This phenomenon convinces me that the entire mathematical community would become much more productive if we open our eyes to the real valuesin what we are doing. Jaffe and Quinn propose a system of recognized roles divided into “speculation”and “proving”. Such a division only perpetuates the myth that our progress is measured in units of standard theorems deduced. This is a bit like the fallacy of the person who makes a printout of the first 10,000 primes. What we are producing is human understanding. We have many different ways to understand and many different processes that contribute to our understanding. We will be more satisfied, more productive and happier if we recognize and focus on this.

posted by escabeche at 4:32 PM on August 22, 2012

In mathematics,it often happens that a group of mathematicians advances with a certain collection of ideas. There are theorems in the path of these advances that will almost inevitably be proven by one person or another. Sometimes the group of mathematicians can even anticipate what these theorems are likely to be. It is much harder to predict who will actually prove the theorem,although there are usually a few “point people”who are more likely to score. However, they are in a position to prove those theorems because of the collective efforts of the team.The team has a further function,in absorbing and making use of the theorems once they are proven. Even if one person could prove all the theorems in the path single-handedly,they are wasted if nobody else learns them.

There is an interesting phenomenon concerning the “point”people. It regularly happens that someone who was in the middle of a pack proves a theorem that receives wide recognition as being significant. Their status in the community—their pecking order—rises immediately and dramatically.When this happens,they usually become much more productive as a center of ideas and a source of theorems.Why? First,there is a large increase in self-esteem, and an accompanying increase in productivity. Second, when their status increases,people are more in the center of the network of ideas—others take them more seriously. Finally and perhaps most importantly, a mathematical breakthrough usually represents a new way of thinking,and effective ways of thinking can usually be applied in more than one situation.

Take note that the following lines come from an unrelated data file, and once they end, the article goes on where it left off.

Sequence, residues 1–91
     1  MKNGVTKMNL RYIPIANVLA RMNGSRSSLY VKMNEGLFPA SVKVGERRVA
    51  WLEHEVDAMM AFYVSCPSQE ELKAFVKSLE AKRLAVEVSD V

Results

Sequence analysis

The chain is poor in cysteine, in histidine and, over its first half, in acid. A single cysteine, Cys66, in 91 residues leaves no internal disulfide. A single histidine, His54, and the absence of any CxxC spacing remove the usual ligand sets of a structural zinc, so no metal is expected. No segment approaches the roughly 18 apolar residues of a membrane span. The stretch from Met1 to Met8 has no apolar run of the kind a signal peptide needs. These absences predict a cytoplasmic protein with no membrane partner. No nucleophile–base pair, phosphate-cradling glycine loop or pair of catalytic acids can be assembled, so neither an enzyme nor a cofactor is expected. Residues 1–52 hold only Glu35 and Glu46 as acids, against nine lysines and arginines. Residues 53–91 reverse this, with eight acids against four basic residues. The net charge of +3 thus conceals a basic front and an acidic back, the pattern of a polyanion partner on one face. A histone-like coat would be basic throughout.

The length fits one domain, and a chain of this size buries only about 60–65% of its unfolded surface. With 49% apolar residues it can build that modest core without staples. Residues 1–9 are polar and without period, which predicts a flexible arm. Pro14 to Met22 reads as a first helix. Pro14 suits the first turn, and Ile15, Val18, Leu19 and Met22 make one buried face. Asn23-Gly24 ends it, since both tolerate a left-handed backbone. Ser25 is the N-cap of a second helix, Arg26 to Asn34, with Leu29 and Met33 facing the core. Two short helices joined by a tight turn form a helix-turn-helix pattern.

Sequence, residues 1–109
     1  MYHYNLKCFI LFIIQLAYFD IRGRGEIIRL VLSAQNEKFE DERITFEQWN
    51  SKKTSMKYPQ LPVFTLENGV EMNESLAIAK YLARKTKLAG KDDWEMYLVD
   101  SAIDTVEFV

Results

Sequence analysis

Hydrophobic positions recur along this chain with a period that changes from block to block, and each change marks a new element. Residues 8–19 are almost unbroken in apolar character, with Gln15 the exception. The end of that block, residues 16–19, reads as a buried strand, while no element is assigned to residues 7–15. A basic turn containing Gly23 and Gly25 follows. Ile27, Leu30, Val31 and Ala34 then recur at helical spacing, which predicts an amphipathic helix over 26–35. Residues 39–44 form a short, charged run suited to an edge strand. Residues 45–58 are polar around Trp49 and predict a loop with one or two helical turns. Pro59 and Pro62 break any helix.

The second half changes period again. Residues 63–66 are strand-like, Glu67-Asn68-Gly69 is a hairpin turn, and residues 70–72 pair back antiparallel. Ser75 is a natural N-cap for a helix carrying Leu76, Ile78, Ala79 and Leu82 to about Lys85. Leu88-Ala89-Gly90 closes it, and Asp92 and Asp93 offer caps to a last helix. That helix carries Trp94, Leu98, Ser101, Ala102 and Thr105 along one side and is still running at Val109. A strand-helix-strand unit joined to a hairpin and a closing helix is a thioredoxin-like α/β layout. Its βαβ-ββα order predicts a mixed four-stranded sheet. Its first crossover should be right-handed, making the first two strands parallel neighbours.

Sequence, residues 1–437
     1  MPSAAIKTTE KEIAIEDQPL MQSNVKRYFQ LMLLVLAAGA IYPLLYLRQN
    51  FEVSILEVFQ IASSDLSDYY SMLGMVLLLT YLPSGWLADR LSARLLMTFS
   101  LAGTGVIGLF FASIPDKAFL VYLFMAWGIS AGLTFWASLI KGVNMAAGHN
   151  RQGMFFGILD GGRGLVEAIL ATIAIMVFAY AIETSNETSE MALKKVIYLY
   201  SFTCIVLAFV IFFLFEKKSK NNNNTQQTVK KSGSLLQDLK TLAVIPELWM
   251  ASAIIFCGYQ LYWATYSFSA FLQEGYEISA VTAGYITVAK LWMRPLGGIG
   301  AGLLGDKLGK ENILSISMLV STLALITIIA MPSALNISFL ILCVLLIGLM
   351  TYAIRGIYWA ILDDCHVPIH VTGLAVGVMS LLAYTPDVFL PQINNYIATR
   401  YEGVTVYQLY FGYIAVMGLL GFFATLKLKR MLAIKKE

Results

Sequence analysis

This phenomenon convinces me that the entire mathematical community would become much more productive if we open our eyes to the real valuesin what we are doing. Jaffe and Quinn propose a system of recognized roles divided into “speculation”and “proving”. Such a division only perpetuates the myth that our progress is measured in units of standard theorems deduced. This is a bit like the fallacy of the person who makes a printout of the first 10,000 primes. What we are producing is human understanding. We have many different ways to understand and many different processes that contribute to our understanding. We will be more satisfied, more productive and happier if we recognize and focus on this.

posted by escabeche at 4:32 PM on August 22, 2012

Great post.

The part about geometric intuition reminds me of what my analysis prof at math camp always said when we were stuck on a problem: "Have you drawn a picture?" Drawing a picture isn't a proof, but it can often give you an intuition of what you need to do the proof.

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posted by kmz at 4:49 PM on August 22, 2012

The part about geometric intuition reminds me of what my analysis prof at math camp always said when we were stuck on a problem: "Have you drawn a picture?" Drawing a picture isn't a proof, but it can often give you an intuition of what you need to do the proof.

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posted by kmz at 4:49 PM on August 22, 2012

I believe I know just the place for that quote next week, maybe I'll find a hyperbolic skirt as well.

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posted by jeffburdges at 5:17 PM on August 22, 2012

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posted by jeffburdges at 5:17 PM on August 22, 2012

Oh no. Much too young. And a very nice write up, escabeche.

But I can't leave a memorializing dot, as that's three dimensions too few to remember Thurston by.